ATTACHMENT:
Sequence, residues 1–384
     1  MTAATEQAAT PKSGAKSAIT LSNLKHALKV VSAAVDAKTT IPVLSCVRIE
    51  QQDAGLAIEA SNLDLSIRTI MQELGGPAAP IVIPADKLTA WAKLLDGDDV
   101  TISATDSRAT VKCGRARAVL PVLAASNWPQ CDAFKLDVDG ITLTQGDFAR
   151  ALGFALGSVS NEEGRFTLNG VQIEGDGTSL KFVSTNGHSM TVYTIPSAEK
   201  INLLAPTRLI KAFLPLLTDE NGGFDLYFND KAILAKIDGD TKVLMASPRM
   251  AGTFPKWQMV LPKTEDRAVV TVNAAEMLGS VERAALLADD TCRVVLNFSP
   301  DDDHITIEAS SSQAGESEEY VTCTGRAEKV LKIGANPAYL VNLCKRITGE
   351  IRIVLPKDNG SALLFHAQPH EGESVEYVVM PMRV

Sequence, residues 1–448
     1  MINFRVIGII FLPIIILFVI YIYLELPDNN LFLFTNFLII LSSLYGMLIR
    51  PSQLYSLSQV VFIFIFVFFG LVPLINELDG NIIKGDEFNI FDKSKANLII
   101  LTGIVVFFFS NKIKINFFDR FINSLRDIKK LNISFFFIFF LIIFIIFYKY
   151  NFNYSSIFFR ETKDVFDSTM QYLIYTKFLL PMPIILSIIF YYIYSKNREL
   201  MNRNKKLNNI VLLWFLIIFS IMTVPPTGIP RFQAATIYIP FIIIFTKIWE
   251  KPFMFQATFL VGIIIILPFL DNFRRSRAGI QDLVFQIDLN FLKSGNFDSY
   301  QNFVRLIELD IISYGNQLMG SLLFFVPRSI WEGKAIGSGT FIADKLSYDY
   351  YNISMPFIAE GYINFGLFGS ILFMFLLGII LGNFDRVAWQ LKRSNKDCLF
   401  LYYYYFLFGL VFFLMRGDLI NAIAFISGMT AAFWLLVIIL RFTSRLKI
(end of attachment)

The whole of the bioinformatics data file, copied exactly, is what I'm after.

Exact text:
Sequence, residues 1–384
     1  MTAATEQAAT PKSGAKSAIT LSNLKHALKV VSAAVDAKTT IPVLSCVRIE
    51  QQDAGLAIEA SNLDLSIRTI MQELGGPAAP IVIPADKLTA WAKLLDGDDV
   101  TISATDSRAT VKCGRARAVL PVLAASNWPQ CDAFKLDVDG ITLTQGDFAR
   151  ALGFALGSVS NEEGRFTLNG VQIEGDGTSL KFVSTNGHSM TVYTIPSAEK
   201  INLLAPTRLI KAFLPLLTDE NGGFDLYFND KAILAKIDGD TKVLMASPRM
   251  AGTFPKWQMV LPKTEDRAVV TVNAAEMLGS VERAALLADD TCRVVLNFSP
   301  DDDHITIEAS SSQAGESEEY VTCTGRAEKV LKIGANPAYL VNLCKRITGE
   351  IRIVLPKDNG SALLFHAQPH EGESVEYVVM PMRV

Sequence, residues 1–448
     1  MINFRVIGII FLPIIILFVI YIYLELPDNN LFLFTNFLII LSSLYGMLIR
    51  PSQLYSLSQV VFIFIFVFFG LVPLINELDG NIIKGDEFNI FDKSKANLII
   101  LTGIVVFFFS NKIKINFFDR FINSLRDIKK LNISFFFIFF LIIFIIFYKY
   151  NFNYSSIFFR ETKDVFDSTM QYLIYTKFLL PMPIILSIIF YYIYSKNREL
   201  MNRNKKLNNI VLLWFLIIFS IMTVPPTGIP RFQAATIYIP FIIIFTKIWE
   251  KPFMFQATFL VGIIIILPFL DNFRRSRAGI QDLVFQIDLN FLKSGNFDSY
   301  QNFVRLIELD IISYGNQLMG SLLFFVPRSI WEGKAIGSGT FIADKLSYDY
   351  YNISMPFIAE GYINFGLFGS ILFMFLLGII LGNFDRVAWQ LKRSNKDCLF
   401  LYYYYFLFGL VFFLMRGDLI NAIAFISGMT AAFWLLVIIL RFTSRLKI